Consider software used to design structures. Initially, computer-aided design software replicated drawing as it was being done on paper or mylar. But now it is likely you are using software that permits you to design in three dimensions. Try that with paper!
A similar progression is happening with the software used to manage project information. You might start by using it to file email electronically, rather than print emails and file them in drawers. But before long you’re using it to view product documents and manage action items in the field, using your smartphone. You just could not do those tasks with paper.
SOM’s Doris Pulsifer thinks about these sorts of issues a lot, and wrote about it in an article at aia.org, “Watch Your Language: Five Information Management Terms I’d Like to Replace.” She takes the position that our language can prevent us from discovering and utilizing these Tech 2.0 advancements, and proposes some changes to overcome that barrier.
I've been posting excerpts from Doris’ article here at the Newforma Blog. Here's term No. 3: “project folders” are really the “project repository.”
Paper-based definition: A project folder originated as a manila folder that served as a single location in which to aggregate any and all information that pertained to a specific project. Hard-copy duplicates were made when information needed to be used for different purposes or by different people.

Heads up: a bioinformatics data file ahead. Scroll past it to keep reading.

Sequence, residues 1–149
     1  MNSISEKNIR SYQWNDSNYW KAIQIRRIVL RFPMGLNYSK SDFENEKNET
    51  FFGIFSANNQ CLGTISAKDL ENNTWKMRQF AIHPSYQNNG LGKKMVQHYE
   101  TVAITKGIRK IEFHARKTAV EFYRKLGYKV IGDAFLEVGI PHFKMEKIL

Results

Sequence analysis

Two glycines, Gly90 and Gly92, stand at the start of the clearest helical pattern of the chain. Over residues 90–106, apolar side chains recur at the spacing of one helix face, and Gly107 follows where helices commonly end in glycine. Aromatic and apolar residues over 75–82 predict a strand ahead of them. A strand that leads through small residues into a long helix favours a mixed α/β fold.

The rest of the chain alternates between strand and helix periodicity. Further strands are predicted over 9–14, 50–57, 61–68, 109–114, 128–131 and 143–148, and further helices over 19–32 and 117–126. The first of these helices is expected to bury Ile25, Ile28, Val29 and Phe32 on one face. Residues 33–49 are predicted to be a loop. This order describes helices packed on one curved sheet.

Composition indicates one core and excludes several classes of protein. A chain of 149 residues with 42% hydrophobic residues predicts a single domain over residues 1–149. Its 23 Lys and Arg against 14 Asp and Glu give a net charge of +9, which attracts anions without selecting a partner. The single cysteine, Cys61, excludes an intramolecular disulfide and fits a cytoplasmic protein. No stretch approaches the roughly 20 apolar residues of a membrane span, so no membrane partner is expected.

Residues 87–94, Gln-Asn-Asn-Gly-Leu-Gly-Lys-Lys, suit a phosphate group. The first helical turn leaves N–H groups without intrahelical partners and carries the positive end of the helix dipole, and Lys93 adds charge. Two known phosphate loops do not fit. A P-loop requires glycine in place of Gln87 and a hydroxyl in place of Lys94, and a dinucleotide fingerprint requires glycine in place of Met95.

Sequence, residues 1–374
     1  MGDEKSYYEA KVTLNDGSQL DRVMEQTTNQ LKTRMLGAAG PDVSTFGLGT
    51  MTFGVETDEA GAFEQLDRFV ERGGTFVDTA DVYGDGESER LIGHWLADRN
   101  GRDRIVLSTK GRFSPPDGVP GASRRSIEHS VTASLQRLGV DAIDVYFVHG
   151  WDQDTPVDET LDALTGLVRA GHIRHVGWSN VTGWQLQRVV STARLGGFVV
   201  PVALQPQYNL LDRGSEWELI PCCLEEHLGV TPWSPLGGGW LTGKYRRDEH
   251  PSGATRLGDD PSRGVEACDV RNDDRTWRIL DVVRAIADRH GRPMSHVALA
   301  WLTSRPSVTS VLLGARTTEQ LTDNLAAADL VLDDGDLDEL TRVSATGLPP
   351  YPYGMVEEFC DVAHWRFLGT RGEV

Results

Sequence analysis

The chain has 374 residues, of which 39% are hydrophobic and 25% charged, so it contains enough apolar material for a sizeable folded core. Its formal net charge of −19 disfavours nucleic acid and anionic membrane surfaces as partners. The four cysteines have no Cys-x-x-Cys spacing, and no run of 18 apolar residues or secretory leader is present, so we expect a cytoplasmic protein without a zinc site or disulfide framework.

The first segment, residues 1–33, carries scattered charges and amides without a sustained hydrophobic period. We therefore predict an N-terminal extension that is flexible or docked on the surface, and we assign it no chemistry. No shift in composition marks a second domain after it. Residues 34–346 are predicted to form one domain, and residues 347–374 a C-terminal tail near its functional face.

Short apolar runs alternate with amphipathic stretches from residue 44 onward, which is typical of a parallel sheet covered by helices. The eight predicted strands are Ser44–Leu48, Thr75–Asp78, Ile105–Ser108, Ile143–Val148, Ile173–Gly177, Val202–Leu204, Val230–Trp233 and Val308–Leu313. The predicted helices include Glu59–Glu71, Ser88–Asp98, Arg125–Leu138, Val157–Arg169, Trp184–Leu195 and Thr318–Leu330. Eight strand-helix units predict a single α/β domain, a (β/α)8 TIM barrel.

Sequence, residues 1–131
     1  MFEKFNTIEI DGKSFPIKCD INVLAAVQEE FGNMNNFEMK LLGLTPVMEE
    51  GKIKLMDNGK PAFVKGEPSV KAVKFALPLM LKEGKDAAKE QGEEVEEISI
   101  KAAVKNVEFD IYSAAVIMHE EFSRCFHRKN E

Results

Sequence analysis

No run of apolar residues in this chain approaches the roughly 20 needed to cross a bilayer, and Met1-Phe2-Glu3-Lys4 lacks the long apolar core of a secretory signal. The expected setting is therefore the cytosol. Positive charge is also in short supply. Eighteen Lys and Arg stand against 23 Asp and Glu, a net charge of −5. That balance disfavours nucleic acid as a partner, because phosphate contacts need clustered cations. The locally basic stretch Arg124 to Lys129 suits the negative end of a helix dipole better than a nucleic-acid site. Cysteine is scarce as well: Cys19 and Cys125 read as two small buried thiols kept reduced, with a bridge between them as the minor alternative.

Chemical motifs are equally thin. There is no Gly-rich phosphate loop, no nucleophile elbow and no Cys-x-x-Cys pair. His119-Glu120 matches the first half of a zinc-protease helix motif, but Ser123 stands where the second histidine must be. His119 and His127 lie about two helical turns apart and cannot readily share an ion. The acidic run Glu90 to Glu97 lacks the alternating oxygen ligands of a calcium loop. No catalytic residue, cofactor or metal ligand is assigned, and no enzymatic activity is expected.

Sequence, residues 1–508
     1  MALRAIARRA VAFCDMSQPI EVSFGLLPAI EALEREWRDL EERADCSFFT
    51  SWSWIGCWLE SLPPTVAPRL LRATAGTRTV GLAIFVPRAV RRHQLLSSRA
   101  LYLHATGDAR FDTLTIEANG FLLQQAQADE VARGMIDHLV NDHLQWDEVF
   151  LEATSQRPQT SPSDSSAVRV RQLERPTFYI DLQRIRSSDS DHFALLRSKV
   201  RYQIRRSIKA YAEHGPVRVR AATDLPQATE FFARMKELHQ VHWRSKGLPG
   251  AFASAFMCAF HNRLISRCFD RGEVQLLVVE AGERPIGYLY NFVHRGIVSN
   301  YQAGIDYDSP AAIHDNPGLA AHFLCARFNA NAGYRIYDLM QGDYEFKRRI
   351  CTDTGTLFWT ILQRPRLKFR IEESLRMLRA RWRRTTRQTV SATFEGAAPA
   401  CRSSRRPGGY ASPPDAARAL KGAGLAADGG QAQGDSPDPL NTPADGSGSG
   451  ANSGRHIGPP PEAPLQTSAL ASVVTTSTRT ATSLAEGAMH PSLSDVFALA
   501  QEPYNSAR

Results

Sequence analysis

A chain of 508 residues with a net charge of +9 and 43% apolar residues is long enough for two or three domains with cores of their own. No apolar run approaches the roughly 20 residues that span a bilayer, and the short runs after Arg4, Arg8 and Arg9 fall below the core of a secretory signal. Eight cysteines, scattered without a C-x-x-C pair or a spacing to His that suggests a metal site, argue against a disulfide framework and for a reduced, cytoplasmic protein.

Digital 1.0 definition: Digital files are saved in an electronic folder with, not surprisingly, graphic icons that look like manila folders! As with paper-based information, digital files require correct filing for future retrieval. Typically, far too many duplicate copies of those files exist in multiple locations on the company’s computer network.
Digital 2.0 definition: The project repository embraces all project information wherever it resides, whether in drawings, documents, emails or their attachments. Using project information management (PIM) technology, people who need subsets of information from the project repository can assemble collections of project-related files in “virtual” folders. SOM has adopted a PIM solution that supports this concept of virtual folders in the form of document sets.
This expanded thinking is highly utilitarian in an age when project teams and the files they’re manipulating are scattered across time zones. A project repository does not depend on physical colocation.
I’ll post another of Doris’ observations next week. Or see the full article here.
Doris Pulsifer leads the Knowledge Management department at Skidmore, Owings and Merrill (SOM).